Pollarding or pruning following harvesting is recommended to promote branching. This increases pod production and facilitates harvesting as the tree is kept at a manageable height.
Seeds are collected from the wild.
A single tree may produce up to 1000 pods per year.
Handling after harvest
Traditional methods to extract the oil used by Bedouin are very simple, but yield little oil. Seeds are crushed, water is added and the seeds are boiled. The mixture is left overnight to allow the oil to float to the surface, from where it is skimmed off. In a more advanced method the seeds are crushed, some water is added and the mixture is gently heated for 10–15 minutes. The oil is then extracted using a screw press or hydraulic press.
For water purification, seeds are ground to a paste. The paste is put in a bottle and water is added. The mixture is shaken for 5 minutes to activate the protein. The mixture is then sieved and the solution is added to turbid water. After slowly stirring for 20 minutes, fine particles including bacteria coagulate, sink and settle on the bottom. After one hour clear water can be drawn off.
Although there is concern about the decline of Moringa peregrina stands especially where it is collected for firewood, it is not listed in the IUCN Red List 2006. It is endangered in the Sinai in Egypt. Efforts to restore the local vegetation by restoring the stand of the dominant species, including Acacia tortilis (Forssk.) Hayne, have resulted in an increase in the numbers of trees of Moringa peregrina as well. Moringa peregrina is included in a field genebank of fodder plants in Oman.
Protection of Moringa peregrina and its vulnerable habitat is needed. Continued use of the seed for oil production and water clarification requires its domestication and cultivation. Initial results of experiments to achieve this are promising.
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• Jahn, S.A.A., 1986. Water treatment with traditional plant coagulants and clarifying clays. Schriftenreihe der Deutsche Gesellschaft für Technische Zusammenarbeit 191: 67–157.
• Jahn, S.A.A., Musnad, H.A. & Burgstaller, H., 1986. The tree that purifies water: cultivating multipurpose Moringaceae in the Sudan. Unasylva 152: 23–28.
• Keraudren, M., 1965. Le genre Moringa en Afrique et à Madagascar (affinités systématiques, intérêt biogéographique). Webbia 19: 815–824.
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• Olson, M.E., 2002. Combining data from DNA sequences and morphology for a phylogeny of Moringaceae (Brassicales). Systematic Botany 27(1): 55–73.
• Somali, M.A., Bajneid, M.A. & Al-Fhaimani, S.S., 1984. Chemical composition and characteristics of Moringa peregrina seeds and seeds oil. Journal of the American Oil Chemists’ Society 61: 85–86.
• Thulin, M., 1993. Moringaceae. In: Thulin, M. (Editor). Flora of Somalia. Volume 1. Pteridophyta; Gymnospermae; Angiospermae (Annonaceae-Fabaceae). Royal Botanic Gardens, Kew, Richmond, United Kingdom. pp. 60–62.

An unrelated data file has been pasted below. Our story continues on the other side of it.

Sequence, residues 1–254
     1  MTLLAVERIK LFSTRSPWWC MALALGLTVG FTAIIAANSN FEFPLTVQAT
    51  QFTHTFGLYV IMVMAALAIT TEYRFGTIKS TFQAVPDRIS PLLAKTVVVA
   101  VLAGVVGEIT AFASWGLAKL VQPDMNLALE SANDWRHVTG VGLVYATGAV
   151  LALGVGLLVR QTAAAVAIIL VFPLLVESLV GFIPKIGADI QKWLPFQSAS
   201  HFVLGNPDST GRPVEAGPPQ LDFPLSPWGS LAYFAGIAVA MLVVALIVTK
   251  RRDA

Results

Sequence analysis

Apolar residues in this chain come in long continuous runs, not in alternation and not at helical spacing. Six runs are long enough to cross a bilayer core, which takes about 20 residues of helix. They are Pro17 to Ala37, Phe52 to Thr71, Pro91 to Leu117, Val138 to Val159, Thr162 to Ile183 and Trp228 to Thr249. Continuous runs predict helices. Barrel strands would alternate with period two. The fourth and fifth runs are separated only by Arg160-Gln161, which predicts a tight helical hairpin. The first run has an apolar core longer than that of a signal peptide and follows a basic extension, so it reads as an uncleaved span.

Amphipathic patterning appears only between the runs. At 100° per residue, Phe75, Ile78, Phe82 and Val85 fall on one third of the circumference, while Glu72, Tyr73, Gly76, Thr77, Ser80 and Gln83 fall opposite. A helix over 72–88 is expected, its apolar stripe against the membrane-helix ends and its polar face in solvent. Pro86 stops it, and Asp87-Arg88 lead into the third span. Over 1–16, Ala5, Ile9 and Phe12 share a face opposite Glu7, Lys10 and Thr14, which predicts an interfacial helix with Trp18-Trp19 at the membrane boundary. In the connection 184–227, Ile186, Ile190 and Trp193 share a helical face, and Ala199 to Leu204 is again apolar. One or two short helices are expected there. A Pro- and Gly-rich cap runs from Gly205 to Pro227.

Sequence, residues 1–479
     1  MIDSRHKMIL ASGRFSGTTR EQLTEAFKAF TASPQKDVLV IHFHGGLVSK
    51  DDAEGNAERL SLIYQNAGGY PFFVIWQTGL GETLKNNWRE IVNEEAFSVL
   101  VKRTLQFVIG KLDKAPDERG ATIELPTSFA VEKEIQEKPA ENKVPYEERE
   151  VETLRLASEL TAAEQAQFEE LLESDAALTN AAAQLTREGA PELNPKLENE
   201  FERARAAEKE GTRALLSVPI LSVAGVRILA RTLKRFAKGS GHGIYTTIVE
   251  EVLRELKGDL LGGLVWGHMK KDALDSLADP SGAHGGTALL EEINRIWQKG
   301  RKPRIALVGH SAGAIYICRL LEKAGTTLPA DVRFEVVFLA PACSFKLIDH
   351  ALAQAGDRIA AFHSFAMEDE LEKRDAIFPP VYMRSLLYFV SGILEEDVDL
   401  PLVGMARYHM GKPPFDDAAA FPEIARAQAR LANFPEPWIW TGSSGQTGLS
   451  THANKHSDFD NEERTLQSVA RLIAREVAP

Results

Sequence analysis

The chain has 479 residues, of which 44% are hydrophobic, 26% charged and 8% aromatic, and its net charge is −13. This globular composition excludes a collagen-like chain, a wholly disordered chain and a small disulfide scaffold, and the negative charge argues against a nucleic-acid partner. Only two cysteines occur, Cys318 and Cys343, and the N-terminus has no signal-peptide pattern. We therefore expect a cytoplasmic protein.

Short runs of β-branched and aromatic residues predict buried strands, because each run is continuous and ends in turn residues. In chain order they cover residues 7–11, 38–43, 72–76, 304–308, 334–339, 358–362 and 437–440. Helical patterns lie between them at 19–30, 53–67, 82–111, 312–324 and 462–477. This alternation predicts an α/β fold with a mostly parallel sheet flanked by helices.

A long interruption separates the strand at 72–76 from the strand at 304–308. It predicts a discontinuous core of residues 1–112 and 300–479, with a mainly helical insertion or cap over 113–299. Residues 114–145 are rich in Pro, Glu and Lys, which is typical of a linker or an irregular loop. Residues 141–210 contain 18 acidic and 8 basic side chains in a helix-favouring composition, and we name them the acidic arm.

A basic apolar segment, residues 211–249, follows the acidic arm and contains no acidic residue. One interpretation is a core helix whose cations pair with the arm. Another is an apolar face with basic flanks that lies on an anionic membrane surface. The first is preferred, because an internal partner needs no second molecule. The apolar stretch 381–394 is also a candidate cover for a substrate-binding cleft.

• Tsakis, J., 1998. Characterization of Moringa peregrina Saudi Arabia seed oil. Grasas y Aceites (Seville) 49(2): 170–176.
• Verdcourt, B., 2000. Moringaceae. In: Edwards, S., Mesfin Tadesse, Demissew Sebsebe & Hedberg, I. (Editors). Flora of Ethiopia and Eritrea. Volume 2, part 1. Magnoliaceae to Flacourtiaceae. The National Herbarium, Addis Ababa University, Addis Ababa, Ethiopia and Department of Systematic Botany, Uppsala University, Uppsala, Sweden. pp. 155–162.
• Batanouny, K.H., 1999. Wild medicinal plants in Egypt: An inventory to support conservation and sustainable use. [Internet] Palm Press, Cairo, Egypt. 207 pp. http://www.iucn.org/ places/medoffice/nabp/web/documents/book/ chapter3.pdf. Accessed October 2006.
• Fahn, A., Werker, E. & Baas, P., 1986. Wood anatomy and identification of trees and shrubs from Israel and adjacent regions. The Israel Academy of Sciences and Humanities, Jerusalem, Israel.
• Ibrahim, S.S., Ismail, M., Samuel, G., Kamel, E. & El Azhari, T., 1974. Benseeds: a potential oil source. Egyptian Journal of Agricultural Research 52(9): 47–50.
• Olson, M.E., 1999. The home page of the plant family Moringaceae. [Internet] http://www.mobot.org/ gradstudents/olson/ moringahome.html. Accessed September 2006.
• Olson, M.E., 2003. Ontogenetic origins of floral bilateral symmetry in Moringaceae (Brassicales). American Journal of Botany 890(1): 49–71.
• Olson, M.E. & Carlquist, S., 2001. Stem and root anatomical correlations with life form diversity, ecology and systematics in Moringa (Moringaceae). Botanical Journal of the Linnean Society 135: 315–348.
• Verdcourt, B., 1965. A synopsis of the Moringaceae. Kew Bulletin 40: 1–23.
Sources of illustration
• Zohary, M., 1966. Flora Palaestina. Part 1: Equisetaceae to Moringaceae. Plates. The Israel Academy of Sciences and Humanities, Jerusalem, Israel. 495 plates.
Correct citation of this article:
Munyanziza, E. & Yongabi, K.A., 2007. Moringa peregrina (Forssk.) Fiori In: van der Vossen, H.A.M. & Mkamilo, G.S. (Editors). PROTA 14: Vegetable oils/Oléagineux. [CD-Rom]. PROTA, Wageningen, Netherlands.
1, leaf; 2, inflorescence; 3, fruit.
Redrawn and adapted by Achmad Satiri Nurhaman
trees on rocky slope